My keynote for the Network Detroit conference (detroitdh.org):
Encouraged by exciting advances in digital technology, the issue of openness has swept into almost every corner of the scholarly world in recent years. Research, publication, teaching, public engagement, and even the very fabric of scholarly ethics - have all been touched by this discussion. The domain of cultural heritage is hardly immune from the debate. Disciplines such as History, Archaeology, Anthropology, and Classics along with cultural heritage institutions such as libraries, archives, and museums are all wrestling with how openness within a digital space impacts their core identity and unique professional practice.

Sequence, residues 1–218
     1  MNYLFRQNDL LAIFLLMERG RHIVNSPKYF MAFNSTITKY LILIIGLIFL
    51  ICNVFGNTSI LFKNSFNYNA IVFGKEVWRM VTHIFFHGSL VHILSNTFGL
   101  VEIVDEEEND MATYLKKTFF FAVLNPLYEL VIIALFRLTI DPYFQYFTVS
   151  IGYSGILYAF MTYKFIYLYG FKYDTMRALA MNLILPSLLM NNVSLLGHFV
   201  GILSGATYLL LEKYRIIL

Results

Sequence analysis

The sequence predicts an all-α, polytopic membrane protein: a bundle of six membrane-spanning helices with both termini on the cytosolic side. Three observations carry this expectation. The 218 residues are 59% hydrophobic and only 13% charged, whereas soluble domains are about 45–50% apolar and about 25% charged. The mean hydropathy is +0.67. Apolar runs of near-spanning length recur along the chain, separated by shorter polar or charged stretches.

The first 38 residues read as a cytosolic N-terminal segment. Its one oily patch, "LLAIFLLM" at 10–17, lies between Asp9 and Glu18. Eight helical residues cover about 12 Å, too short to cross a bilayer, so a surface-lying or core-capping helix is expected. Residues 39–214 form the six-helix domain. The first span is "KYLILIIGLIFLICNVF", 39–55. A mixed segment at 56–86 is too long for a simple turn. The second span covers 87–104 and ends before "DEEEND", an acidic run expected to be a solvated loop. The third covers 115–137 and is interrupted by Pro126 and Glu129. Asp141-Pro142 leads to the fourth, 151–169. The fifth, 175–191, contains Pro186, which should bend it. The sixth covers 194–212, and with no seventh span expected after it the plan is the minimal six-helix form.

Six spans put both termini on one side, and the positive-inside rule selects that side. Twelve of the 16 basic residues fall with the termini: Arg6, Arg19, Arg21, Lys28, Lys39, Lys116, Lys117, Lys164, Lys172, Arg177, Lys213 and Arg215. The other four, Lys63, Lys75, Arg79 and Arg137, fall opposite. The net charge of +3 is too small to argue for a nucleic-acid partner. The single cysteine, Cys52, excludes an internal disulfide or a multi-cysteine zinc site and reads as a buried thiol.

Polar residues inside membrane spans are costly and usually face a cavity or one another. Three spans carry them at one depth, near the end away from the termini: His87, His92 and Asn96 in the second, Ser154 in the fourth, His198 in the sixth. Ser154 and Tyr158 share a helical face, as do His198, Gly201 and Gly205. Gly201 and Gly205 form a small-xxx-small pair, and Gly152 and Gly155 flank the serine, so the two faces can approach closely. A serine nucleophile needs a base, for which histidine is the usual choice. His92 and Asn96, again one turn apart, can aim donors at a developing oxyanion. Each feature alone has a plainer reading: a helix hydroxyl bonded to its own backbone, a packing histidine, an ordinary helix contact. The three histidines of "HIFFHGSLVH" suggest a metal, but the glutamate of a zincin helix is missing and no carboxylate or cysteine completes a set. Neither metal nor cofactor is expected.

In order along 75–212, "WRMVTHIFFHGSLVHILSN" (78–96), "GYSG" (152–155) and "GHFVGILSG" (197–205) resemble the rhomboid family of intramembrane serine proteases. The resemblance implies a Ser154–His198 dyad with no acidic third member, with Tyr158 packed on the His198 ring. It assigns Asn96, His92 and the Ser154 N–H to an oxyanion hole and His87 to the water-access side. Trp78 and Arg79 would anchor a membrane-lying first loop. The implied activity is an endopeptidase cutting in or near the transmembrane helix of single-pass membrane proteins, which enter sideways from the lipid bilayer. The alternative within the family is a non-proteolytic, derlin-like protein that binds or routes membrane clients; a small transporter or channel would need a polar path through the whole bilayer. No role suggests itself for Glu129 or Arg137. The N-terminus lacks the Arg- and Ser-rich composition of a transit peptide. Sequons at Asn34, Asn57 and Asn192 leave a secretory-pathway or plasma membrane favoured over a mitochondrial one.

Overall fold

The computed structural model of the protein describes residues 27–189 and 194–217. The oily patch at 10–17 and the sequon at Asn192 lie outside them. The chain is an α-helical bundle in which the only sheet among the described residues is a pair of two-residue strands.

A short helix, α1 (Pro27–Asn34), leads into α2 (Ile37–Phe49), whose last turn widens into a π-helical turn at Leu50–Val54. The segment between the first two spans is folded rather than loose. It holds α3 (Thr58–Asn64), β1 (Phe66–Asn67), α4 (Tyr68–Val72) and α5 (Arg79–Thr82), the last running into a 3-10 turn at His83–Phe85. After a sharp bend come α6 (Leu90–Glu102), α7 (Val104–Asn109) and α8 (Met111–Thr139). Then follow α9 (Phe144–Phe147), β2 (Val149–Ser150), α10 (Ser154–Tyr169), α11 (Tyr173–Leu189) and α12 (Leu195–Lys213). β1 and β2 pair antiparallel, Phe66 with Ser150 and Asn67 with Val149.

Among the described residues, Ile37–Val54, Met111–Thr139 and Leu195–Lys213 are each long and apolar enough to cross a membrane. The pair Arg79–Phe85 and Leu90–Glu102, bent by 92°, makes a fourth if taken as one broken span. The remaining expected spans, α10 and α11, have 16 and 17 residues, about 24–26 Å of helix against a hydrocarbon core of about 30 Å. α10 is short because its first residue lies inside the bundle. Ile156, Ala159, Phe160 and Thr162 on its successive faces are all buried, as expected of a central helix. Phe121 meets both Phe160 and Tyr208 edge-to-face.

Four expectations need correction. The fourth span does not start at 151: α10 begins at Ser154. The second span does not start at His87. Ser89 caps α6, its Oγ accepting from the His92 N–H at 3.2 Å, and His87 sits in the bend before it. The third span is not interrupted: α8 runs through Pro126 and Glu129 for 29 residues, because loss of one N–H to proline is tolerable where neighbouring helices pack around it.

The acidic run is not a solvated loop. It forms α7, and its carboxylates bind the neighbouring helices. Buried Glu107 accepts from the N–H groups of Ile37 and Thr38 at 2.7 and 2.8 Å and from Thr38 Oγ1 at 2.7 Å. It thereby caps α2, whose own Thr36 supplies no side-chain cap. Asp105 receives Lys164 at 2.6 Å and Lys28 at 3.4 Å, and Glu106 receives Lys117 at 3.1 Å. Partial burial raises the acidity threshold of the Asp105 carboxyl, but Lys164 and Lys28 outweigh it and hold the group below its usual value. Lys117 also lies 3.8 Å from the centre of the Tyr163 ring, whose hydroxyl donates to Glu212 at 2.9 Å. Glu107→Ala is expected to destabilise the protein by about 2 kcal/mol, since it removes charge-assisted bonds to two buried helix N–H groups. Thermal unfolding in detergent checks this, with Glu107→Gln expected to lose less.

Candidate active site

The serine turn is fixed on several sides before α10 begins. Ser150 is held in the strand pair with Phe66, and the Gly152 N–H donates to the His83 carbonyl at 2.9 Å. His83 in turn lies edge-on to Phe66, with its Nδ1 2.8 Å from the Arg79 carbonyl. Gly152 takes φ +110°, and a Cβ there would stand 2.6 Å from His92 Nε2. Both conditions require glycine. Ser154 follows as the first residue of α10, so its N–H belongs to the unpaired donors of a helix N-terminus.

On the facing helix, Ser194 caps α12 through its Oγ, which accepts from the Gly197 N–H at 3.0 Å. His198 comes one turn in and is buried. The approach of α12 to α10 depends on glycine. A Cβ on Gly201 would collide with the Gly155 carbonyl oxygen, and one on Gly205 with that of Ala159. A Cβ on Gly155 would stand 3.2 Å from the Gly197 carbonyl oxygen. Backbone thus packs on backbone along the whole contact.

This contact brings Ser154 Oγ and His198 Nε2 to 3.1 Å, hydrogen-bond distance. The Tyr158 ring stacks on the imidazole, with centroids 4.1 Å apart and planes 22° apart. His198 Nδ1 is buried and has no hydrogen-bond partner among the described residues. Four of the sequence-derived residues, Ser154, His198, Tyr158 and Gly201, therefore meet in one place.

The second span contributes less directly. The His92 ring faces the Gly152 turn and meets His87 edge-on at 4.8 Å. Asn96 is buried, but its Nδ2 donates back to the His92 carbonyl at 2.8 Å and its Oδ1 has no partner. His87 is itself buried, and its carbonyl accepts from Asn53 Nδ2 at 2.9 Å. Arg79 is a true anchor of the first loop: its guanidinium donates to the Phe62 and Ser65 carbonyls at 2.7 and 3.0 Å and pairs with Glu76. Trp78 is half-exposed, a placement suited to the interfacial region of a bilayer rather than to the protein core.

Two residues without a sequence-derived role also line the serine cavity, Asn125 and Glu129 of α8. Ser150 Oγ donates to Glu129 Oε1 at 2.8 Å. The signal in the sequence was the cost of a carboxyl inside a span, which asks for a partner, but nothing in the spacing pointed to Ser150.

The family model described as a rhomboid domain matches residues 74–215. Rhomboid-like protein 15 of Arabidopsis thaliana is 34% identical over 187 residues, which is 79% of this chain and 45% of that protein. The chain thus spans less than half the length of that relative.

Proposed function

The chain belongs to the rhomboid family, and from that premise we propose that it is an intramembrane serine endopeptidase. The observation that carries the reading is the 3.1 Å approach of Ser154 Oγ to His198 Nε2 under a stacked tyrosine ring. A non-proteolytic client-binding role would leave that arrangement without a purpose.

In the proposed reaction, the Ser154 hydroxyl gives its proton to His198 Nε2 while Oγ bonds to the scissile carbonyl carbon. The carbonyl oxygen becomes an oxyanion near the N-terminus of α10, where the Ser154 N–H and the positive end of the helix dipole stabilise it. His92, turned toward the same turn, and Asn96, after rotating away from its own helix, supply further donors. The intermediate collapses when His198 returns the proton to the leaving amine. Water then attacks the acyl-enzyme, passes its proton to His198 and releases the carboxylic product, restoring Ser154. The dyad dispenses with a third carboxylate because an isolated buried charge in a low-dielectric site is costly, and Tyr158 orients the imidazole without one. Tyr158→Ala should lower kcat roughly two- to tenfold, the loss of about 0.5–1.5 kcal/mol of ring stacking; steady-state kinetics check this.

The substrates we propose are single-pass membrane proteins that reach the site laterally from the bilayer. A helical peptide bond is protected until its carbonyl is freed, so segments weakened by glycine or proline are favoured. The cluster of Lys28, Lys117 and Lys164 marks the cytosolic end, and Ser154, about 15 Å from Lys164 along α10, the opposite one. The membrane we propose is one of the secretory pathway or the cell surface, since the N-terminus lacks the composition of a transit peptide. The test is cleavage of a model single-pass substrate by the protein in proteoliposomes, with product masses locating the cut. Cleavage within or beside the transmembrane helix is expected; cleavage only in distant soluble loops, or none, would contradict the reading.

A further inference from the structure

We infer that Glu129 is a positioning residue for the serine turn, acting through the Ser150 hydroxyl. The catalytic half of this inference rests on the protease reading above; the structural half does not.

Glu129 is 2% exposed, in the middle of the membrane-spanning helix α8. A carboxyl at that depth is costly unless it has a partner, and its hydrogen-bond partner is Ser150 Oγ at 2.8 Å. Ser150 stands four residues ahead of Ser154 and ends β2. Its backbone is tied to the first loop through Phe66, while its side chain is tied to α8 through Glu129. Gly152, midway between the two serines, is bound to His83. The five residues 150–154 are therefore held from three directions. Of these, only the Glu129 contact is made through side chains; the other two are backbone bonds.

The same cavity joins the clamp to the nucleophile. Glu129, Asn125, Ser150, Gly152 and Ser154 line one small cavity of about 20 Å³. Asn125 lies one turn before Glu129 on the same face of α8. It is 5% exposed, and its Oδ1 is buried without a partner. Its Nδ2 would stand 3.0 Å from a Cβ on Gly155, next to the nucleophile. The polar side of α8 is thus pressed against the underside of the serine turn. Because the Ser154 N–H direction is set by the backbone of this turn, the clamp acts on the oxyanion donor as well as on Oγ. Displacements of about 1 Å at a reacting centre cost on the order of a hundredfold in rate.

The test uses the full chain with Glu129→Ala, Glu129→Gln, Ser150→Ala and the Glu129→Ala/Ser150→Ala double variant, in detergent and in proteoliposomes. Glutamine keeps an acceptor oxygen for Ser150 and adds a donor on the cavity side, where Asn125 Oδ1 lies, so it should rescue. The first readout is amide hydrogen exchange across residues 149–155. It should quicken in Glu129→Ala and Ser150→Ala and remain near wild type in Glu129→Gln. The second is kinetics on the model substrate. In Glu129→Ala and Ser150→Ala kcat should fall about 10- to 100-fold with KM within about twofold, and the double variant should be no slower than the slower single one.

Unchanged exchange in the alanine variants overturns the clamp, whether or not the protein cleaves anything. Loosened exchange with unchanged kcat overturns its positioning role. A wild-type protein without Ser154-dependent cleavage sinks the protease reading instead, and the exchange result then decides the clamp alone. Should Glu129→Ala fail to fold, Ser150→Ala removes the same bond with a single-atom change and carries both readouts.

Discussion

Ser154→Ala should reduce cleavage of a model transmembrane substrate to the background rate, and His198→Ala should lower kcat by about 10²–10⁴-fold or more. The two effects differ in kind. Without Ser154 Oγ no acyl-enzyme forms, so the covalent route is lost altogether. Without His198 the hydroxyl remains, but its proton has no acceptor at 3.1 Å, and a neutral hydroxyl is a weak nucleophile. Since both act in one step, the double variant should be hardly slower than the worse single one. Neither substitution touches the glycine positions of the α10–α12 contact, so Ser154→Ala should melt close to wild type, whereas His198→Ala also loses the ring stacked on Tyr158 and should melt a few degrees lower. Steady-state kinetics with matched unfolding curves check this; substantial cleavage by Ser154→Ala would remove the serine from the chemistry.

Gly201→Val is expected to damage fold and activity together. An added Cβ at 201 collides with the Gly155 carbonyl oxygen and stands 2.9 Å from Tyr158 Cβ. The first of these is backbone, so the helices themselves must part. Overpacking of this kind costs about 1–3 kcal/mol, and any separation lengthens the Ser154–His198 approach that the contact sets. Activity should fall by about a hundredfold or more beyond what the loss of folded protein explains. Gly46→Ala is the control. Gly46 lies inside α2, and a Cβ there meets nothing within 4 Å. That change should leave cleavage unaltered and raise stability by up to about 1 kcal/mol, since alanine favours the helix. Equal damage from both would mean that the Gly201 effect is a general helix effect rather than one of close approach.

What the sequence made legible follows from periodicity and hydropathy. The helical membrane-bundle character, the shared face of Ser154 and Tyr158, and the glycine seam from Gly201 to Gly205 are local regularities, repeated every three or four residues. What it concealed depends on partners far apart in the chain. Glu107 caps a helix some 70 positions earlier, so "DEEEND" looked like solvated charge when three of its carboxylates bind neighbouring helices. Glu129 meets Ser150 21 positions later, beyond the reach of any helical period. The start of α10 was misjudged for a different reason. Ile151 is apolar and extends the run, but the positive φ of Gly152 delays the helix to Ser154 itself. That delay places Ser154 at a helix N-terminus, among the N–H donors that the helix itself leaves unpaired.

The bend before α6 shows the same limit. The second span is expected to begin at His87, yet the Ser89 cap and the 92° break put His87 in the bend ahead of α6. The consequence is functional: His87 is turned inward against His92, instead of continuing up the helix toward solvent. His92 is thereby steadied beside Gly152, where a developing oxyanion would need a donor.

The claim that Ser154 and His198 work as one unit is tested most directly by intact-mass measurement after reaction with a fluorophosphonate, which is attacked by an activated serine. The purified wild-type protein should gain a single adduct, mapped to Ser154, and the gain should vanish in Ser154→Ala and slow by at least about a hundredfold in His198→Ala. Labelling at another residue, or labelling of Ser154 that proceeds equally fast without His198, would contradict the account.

If one thing has emerged from this discussion, it is that there is no universal set of practices that can be homogeneously applied to all fields, disciplines, and types of institutions that address the challenge of openness. Each domain demands an approach that is clearly and thoughtfully tailored to its unique professional circumstances.
It is within this context that this talk will parse the idea of openness, exploring the issue both broadly and within the unique context of praxis in digital cultural heritage. In order to maximize its value to scholars, professional practitioners, and institutions, the talk will also suggest a series of thoughtful strategies that can be leveraged in order to better embrace a more open approach to work within digital cultural heritage.